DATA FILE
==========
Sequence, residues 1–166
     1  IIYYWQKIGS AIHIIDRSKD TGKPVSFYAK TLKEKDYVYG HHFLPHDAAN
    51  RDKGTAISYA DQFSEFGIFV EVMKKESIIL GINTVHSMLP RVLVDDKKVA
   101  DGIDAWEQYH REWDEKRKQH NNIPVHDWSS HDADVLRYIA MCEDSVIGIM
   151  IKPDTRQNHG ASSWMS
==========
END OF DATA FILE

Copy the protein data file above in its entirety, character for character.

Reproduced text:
Sequence, residues 1–166
     1  IIYYWQKIGS AIHIIDRSKD TGKPVSFYAK TLKEKDYVYG HHFLPHDAAN
    51  RDKGTAISYA DQFSEFGIFV EVMKKESIIL GINTVHSMLP RVLVDDKKVA
   101  DGIDAWEQYH REWDEKRKQH NNIPVHDWSS HDADVLRYIA MCEDSVIGIM
   151  IKPDTRQNHG ASSWMS